I chuckle to myself at the prophesied trends one reads about at this time of year. You know the sort of thing: in 2022, we should all paint our bathrooms magenta and the hottest holiday destination will be a small island off the Libyan coast. Bit dangerous, but the new five-star hotel there does a lovely breakfast.
There are actual companies that predict these, a fact I learnt when a young hack on the Evening Standard and we ran an article with input from a firm which suggested that “skyscrapers” were going to be huge in London the following year. Sorry, Nostradamus, collect your P45 on the way out.
I’ve flicked through some of the genuine predictions for 2022 so you don’t have to, and apparently next year we should drink cocktails flavoured with hot mustard, run backwards in the park since “reverse running” is heading this way from America, and get a “bixie” haircut (a hybrid of the bob and pixie haircuts). If you do all three at the same time, you’ll likely be pictured in Vogue.
Since all this forecasting seems to require is someone with access to a printer and an inflated sense of self-confidence, I thought I’d have a stab. Here are my predictions for 2022 and I think you’ll agree they’re all jolly likely:
- Cars are replaced by horses. Nasty, polluting vehicles become even more unfashionable, but the trouble is electric cars remain expensive. Much grander to get a horse and take that on the school run every day. Feed it on the fruit you order from an expensive organic delivery box business that mysteriously ends up in the compost bin.
- Roughly halfway through July, the number of cockapoos on the planet will outstrip the number of humans.
- Mazes will be everywhere. I recently read a piece in The New Yorker about the world’s foremost maze designer, a British, chino-wearing seventy-something called Adrian Fisher, who, in the past four decades, has created more than 700 mazes in 42 countries. Admittedly, a large maze by Adrian will set you back up to half a million quid, but growing a maze is a very eco-friendly hobby and they’re a terrific way to get the children away from the television. Bonus points if you run through it backwards.
- The return of the ruff. Given soaring utility bills, we have to stop running washing machines, so the garment originally designed to protect the wearer’s doublet from getting a dirty neckline will make a comeback. The bigger the better, since they’ll also protect us from getting too close to one another and inhaling germs.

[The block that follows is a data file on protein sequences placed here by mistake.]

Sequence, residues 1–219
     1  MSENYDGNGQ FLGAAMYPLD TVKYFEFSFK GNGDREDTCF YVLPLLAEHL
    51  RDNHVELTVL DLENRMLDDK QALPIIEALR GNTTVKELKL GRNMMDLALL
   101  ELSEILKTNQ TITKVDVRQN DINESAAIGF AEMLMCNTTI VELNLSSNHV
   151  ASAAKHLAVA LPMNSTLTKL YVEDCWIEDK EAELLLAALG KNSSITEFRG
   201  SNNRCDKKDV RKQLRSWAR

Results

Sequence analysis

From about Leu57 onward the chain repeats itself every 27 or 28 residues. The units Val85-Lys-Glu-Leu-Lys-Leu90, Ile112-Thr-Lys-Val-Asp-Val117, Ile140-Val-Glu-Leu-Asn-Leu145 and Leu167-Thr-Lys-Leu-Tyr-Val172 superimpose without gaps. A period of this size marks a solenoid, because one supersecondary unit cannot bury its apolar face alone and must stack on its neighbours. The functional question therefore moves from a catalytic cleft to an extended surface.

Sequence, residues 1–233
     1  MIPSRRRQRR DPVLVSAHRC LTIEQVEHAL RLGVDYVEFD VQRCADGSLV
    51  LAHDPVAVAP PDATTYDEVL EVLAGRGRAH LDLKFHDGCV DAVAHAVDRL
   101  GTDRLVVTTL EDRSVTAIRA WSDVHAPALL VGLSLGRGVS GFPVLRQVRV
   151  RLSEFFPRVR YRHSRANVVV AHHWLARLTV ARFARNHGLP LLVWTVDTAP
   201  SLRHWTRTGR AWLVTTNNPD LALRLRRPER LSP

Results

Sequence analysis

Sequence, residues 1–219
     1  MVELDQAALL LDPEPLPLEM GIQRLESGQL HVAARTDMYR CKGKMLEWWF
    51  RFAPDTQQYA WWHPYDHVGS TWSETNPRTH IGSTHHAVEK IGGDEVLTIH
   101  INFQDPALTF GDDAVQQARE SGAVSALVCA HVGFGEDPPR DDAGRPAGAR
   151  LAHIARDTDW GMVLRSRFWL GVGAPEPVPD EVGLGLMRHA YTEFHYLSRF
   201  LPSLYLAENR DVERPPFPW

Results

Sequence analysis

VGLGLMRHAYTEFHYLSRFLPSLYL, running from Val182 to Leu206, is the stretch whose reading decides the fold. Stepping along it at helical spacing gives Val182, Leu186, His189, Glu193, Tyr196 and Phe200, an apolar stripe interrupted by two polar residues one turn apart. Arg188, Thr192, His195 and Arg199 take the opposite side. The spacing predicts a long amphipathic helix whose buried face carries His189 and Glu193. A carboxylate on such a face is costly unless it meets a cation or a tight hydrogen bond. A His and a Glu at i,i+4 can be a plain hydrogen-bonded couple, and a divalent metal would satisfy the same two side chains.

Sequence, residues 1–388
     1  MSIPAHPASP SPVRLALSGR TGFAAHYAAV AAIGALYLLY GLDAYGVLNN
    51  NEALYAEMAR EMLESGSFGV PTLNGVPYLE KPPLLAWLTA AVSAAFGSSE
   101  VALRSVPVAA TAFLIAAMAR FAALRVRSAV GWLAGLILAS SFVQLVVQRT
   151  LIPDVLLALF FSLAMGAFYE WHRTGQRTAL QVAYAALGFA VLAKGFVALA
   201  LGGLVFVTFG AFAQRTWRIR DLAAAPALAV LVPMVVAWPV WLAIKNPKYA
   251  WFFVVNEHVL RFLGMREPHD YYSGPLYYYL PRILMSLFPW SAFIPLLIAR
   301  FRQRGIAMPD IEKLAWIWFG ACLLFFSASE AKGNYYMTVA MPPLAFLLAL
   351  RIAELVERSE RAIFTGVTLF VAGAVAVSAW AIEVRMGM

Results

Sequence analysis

- An Old Etonian will become prime minister.
- Celeriac and Salsify displace Oliver and Olivia at the top of the baby name charts as people start naming their children after unusual root vegetables for environmental kudos.
- The Cotswolds will be declared full and residents will clamour for a wall around them to prevent any more Londoners arriving. They insist that London should pay for this wall.
- Everyone tires of gin. Not just the drink, but the paraphernalia that comes with it – gin greetings cards, gin fridge magnets, gin cushions and so on. Port surges in popularity instead after Adele and Taylor Swift are photographed sharing a bottle on a girls’ night out.
- Gout levels soar.
Let’s have a time limit on this annual goodwill sentiment
A very happy new year to all readers. How long do we say this for? I’m allowed to wish it now because it’s only January 2, but in recent years I have noticed that the phrase seems to carry on in some emails well into February, by which point we’ve long since returned to the bottle, forgotten the sweet naivety of our resolutions, and are simply trying to soldier on through the most miserable month of the year. (It gives me no joy to say this about February, but it is by far the most wretched month in the calendar, even though it includes my birthday.)
My solution is simple: why don’t we all agree that we wish one another a happy new year, whether in person or emails, until the middle of January, and then we all have to move on and take it as implied?
My remote phone check obsession is completely exhausting
I don’t mean to sound (that) smug, but I’m currently 5,400 miles away, staying just outside Galle in Sri Lanka. And yet I’m checking in on my flat several times a day. I can check the temperature remotely, the burglar alarm remotely, my doorbell camera remotely, and I can turn my smart bulbs on and off, all via apps on my phone. It’s exhausting, I’m telling you.
Here I am, surveying the sunset with an arrack cocktail nearby and the chirrup of exotic birds and monkeys around me, but suddenly I’m sent an alert about activity at my front door. Not to panic, it’s only the postwoman. Another alert pings through the next morning because my flat is too cold. I check almost continually that the burglar alarm is still on. Is this progress? I’ve a good mind to lob my phone in the pool.